It's almost like they can't figure out how I knew, maybe I'm from there too. Proud of their home and wanting to know what's next, "We sure are!"

I set the hook. "I had an awesome week riding at Mount Snow, how far away from there do you live?"

Nobody snubs you when you ask that kind of friendly question. They can't help themselves, it's just human nature. "We're only an hour away. We go there a couple of times a year." Suddenly we're chatting like old friends about something we have in common. If I can engage someone for more than a couple of minutes, 80% of the time I can sell a copy of my book, Fat Tire Flyer. The other 20% already have it.


Joe Breeze is the curator of the Museum, so he hung around the museum booth when he wasn't pushing Breezer bikes at his commercial booth. He got a lot of attention from his admirers, which created more targets for my pitch since his name is also on the cover of the book. Instead of wearing out my feet trudging mile after carpeted concrete aisle, I hung around and let the bike world come to me. I could even sit down if I wanted, which beats trudging for nine hours a day.

After the show closed at the end of the first day, the Mountain Bike Hall of Fame induction ceremony brought out a lot of my friends. It was followed by a big dinner with someone else picking up the tab and a table full of lifelong mountain bike people. Bummer.

Next night there was an invitation-only open bar reception where Everybody was Somebody. I validated my Somebody credentials by getting the nod. The free alcohol was followed by a fabulous dinner, after which we were punished for our attendance with a forgettable awards ceremony. ("Most Customer Value for a Local Bike Store, and the nominees are...") Actors Dennis Christopher and Dennis Quaid, the stars of the 1979 Oscar winning bicycle film "Breaking Away," made an appearance. I said howdy to Dennis Christopher whom I had dinner with a few years ago at a remarkably similar bicycling awards dinner. He may go to more of those than I do.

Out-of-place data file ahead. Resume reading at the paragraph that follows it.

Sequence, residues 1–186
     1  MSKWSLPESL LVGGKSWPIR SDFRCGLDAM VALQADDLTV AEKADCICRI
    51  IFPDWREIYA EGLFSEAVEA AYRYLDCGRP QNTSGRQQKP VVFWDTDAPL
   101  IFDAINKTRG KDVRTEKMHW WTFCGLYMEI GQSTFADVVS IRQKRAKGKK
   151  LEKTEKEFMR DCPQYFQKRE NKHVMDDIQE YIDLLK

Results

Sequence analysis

I don't drink, I don't gamble, and outside of the bike show, Vegas has nothing else I am interested in. My livelihood does not depend on my performance at the show so there is no pressure. Everyone else there is on an expense account so you never see the dinner tab. For three days I talked bikes and hung with the glitterati of the US and world bicycle community, a three day party with a few hundred of my closest friends and only one subject of conversation.

Day three, the show is winding down, a worn out sales rep asks me, am I tired yet, I tell him I could do this for another week.


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Retro Guru

Thanks for the write up.
Any pics of you and the booth to share?

ON a side note.....after seeing Breaking Away as a Kid I wanted a Masi soooo bad!


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Pioneer riders and bike makers - and two of the greatest guys I have had the pleasure to ride with: Otis Guy and Charles Kelly pose with one of the klunkers that Otis raced in the early days of the sport. ... -2015.html


Senior Retro Guru
Great writeup as always! Remembered myself of the days i worked for the Benelux importer for Rock Shox, Giro Merlin and most of the exotic brands. We also had 2 or 3 three tradeshows a year. Good fun, but i was dead after one weekend!